What Have We Opened Lately?

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We’ve had the pleasure of enjoying many, many wonderful Washington wines lately – and in a less-busy world, I would write separate posts about each of them. Unfortunately, busy is my middle name these days.

So here is a list (in alphabetical order) of Washington wines that we’ve celebrated in the last couple of months, and recommend — plus three of our Napa Valley and Sonoma faves too!

Wait – there’s more! For my list of favorite wines at Taste Washington, see my post in Seattleite Magazine.


More Dussek and Gilbert Cabs Please!

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I’ve written numerous times about my wonderful sister with the amazing palate. She’s influenced my life in so many positive ways — from inspiring me to participate in online media back in 1994 to opening up the wonderful world of wine to me. And many, many more!

My sister remains my inspiration — so when she puts her stamp of approval on a wine that I recommend, it makes my day.

That happened recently when she phoned me from Vancouver to tell me her opinions on a few bottles of Washington state wine that I gave her the last time I went home for a visit. She thought some of the wines were okay (her husband loved them), but there were only two that she raved about: Dussek Family Cellars 2004 Cabernet Sauvignon and Gilbert Cellars 2005 Estate Cabernet Sauvignon. And she wants more!

The price point of Dussek is super for such an excellent Cab – $36. Here are the tasting notes from Woodhouse, which produces the Dussek label (and four others — Kennedy Shah, Darighe, Maghee and Hudson Shah):

“The Dussek Cabernet Sauvignon is Woodhouse Family Cellars’ take on what is likely the world’s most famous grape. Combining an oaky, fruit forward, style with the classic minerality and earth character found in the Cabernet based wines of Europe, Dussek perfectly exhibits Washington state’s ability to straddle the line between the old world and the new.”

The price point for the Cab from Gilbert Cellars is only $26 a bottle. Here are the Gilbert tasting notes:

“This juicy, decadent Cabernet Sauvignon offers an aroma of savory dried fruit and crushed herbs that leads into supple, sweet tannins accompanied by unbridled flavors of blackberry jam, fresh cedar, pipe tobacco, and black licorice.”

Only 312 cases of Gilbert Cellars 2005 Cabernet Sauvignon were produced, and only 840 cases of Dussek 2004 Cabernet Sauvignon were produced, so I’d better go order a few bottles for my sister right now! (And maybe some for us, too!)


If you like Cab Franc…

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Woodhouse Family Cellars released their first Reserve Cab Franc recently and what a release it is! Winemaker Tom Campbell hit another one out of the ballpark! (Can you tell that it’s baseball season again?)

Tom is one of the original Washington state winemakers and uncle of Bijal Shah, the personable owner of Woodhouse Family Cellars. We’ve been fans of Tom’s Darighe, Tempranillo, Syrah and Merlot for a couple of years now.

A couple of weekends ago, we had a great evening at the packed Woodhouse wine club release party for the Reserve Cab Franc. The wine was flowing, along with many entertaining and informative stories from Tom and Bijal.

Shortly afterward, I was delighted to read a comment by Bob on a recent post in this blog. He decided to join the Woodhouse wine club “to take advantage of their Cab Franc.”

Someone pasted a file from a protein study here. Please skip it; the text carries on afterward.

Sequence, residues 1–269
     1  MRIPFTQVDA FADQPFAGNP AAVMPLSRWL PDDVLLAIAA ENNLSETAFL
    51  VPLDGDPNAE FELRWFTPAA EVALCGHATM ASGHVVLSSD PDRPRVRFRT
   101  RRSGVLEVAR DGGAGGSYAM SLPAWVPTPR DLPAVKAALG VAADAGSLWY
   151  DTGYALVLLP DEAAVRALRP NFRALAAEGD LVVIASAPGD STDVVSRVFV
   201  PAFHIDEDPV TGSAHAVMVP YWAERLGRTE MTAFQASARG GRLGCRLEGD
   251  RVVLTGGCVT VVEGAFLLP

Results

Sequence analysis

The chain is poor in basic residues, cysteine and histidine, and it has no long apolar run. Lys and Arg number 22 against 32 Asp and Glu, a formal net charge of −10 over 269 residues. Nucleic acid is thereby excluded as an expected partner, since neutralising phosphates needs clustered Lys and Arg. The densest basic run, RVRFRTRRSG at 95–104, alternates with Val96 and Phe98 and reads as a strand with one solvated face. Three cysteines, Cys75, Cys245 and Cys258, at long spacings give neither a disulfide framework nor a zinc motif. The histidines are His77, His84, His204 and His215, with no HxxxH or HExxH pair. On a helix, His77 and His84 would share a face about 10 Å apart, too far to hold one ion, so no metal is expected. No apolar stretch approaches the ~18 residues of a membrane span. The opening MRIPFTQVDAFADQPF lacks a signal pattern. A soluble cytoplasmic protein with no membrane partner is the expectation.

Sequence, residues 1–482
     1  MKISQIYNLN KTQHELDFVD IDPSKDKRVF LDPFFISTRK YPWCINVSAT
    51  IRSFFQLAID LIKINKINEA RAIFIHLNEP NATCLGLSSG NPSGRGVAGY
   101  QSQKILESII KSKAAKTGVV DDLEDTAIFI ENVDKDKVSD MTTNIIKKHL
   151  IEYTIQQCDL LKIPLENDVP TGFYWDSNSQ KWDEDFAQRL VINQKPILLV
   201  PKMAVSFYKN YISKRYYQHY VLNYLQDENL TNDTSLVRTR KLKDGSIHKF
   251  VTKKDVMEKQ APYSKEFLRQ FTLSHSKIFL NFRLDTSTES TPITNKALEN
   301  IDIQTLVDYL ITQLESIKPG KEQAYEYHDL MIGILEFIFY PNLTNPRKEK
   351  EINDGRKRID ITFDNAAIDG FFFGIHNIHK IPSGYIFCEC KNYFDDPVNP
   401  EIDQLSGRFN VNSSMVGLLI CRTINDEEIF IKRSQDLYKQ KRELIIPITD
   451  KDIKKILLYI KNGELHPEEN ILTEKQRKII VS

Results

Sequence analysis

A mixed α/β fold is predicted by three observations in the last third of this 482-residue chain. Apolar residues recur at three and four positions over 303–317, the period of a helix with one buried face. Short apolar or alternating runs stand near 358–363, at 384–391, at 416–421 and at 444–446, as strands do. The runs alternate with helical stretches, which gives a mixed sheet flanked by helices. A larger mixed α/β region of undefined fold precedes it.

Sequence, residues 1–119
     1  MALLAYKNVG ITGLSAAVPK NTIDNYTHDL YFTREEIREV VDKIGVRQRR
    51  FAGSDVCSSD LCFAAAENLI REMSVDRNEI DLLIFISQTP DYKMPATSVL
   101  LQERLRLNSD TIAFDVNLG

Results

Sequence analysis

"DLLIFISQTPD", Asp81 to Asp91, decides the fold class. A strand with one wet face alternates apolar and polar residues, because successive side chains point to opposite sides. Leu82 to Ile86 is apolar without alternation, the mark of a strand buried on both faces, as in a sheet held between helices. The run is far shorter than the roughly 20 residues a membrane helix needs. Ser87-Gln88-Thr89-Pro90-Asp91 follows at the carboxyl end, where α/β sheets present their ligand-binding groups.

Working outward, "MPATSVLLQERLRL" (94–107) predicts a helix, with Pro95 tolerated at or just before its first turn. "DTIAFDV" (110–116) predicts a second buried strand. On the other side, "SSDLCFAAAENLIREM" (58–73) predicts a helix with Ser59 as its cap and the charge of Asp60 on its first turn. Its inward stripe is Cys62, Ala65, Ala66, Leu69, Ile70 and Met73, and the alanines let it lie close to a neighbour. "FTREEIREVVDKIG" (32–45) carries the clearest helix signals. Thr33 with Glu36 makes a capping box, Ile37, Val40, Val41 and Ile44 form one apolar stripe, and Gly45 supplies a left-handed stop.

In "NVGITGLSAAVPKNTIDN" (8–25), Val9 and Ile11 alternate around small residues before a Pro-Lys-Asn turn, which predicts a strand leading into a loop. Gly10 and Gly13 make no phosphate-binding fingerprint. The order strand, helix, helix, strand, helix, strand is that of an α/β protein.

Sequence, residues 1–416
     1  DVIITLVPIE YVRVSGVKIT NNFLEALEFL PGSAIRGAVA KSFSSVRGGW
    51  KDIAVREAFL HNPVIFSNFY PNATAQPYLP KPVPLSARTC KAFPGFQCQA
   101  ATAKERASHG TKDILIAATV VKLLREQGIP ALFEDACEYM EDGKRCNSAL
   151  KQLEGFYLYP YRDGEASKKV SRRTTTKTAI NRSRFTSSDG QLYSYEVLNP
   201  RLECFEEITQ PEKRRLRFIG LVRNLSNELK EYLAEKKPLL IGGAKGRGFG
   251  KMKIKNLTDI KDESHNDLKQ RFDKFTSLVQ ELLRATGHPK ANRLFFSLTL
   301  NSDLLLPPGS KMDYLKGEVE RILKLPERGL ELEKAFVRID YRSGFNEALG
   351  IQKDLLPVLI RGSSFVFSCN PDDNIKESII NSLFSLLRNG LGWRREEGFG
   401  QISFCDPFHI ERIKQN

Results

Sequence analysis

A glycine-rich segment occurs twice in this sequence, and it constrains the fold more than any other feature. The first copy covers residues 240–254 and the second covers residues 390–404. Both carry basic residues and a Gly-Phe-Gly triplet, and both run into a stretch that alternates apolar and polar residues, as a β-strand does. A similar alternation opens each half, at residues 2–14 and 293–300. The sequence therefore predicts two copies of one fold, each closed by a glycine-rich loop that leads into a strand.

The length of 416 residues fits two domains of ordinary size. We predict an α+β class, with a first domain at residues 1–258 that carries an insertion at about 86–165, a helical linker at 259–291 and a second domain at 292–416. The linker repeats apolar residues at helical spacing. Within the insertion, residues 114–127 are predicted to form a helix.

If you are a fan of Cab Franc, I recommend that you head to the tasting room at Woodhouse Family Cellars in Woodinville pronto!


Wonderful Woodhouse Wine Weekend

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What a wonderful “Woodhouse Wine Weekend” this has been! The experience began on Friday night. After working very late, we opened a bottle of Kennedy Shah 2005 Merlot from Woodhouse Family Cellars in Woodinville. It was so amazing that we easily polished off the bottle.

Winemaker Tom Campbell really scored with this smooth wine. Here are his tasting notes: A medium weight Merlot with raspberries, blueberries, smoky earth and spice on the nose and palate. Bright acidity supports the fruit through the palate and into the finish. The wine will find natural pairings with many foods from earthy vegetarian dishes to meat based dishes with beef or pork.”

My “Woodhouse Wine Weekend” continued on Saturday. I stopped by Woodhouse Family Cellars to say hello to owner Bijal Shah, and there was Tom himself, crafting some old-world style blends in the barrel room. 

I sat down with both of them, heard some fascinating stories and tasted some incredible wines. The tasting room was very busy on Saturday, despite a downpour and threats of snow!

I’ve written several posts in the past about Woodhouse Family Cellars, and I’m still as passionate, if not more so, about these fine Washington state wines.

I highly recommend that you stop by the winery, which features a tasting bar, barrel room and organic garden. If you’re lucky, Bijal will be pouring that day, and will tell you the unusal stories behind each of the winery’s five labels. In the meantime, you can read about them on the Woodhouse Family Cellars’ Web site.


This cab just keeps getting better!

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I love Cabernets. Years ago, I bought my husband a mouse-pad with the then-little-known statement: “Life is a Cabernet. ” These days, you can find the saying on hats, aprons and t-shirts, too.

But I digress. What I really want to talk about is the pleasant surprise we had during a recent trip to one of our favorite wineries, Woodhouse Family Cellars. We’ve always loved their Maghee Merlot-one of the best we’ve ever tasted. But this time, we visited the Woodinville tasting room to place our pre-order for the elegant flagship wine, 2002 Darighe.

While we were there, we sampled some wines from their tasting menu, including the 2001 Kennedy Shah Cabernet Sauvignon. It was not our first time with this fine Cab. But it was the best time! This bold Cab just keeps getting better and better with age. This old-World style wine is a plush blend of 75% Cab, 15% Merlot and 10% Cab Franc.

The tasting notes state: “A bold, ripe and plush wine with tiers of black currant, boysenberry and bing cherry. Herbs, cedar and spices linger in the finish.” My taste doesn’t always mirror tasting notes, but in this case, I could really taste the cherry in addition to the spices in the finish. I always liked the 2001 Kennedy Shah Cab. But now, I absolutely love it!


Wine Trails of Washington, Part 2

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We were at our favorite local wine bar, Vino Bello, on Saturday to meet Steve Roberts, author of Wine Trails of Washington and taste some wines from Pepper Bridge Winery in Walla Walla. Our favorite wine from Pepper Bridge remains the 2004 Pepper Bridge Cabernet Sauvignon Columbia Valley. But I’ll write more about the tasting later. Right now, I’d like to tell you about my chat with Steve Roberts about his book.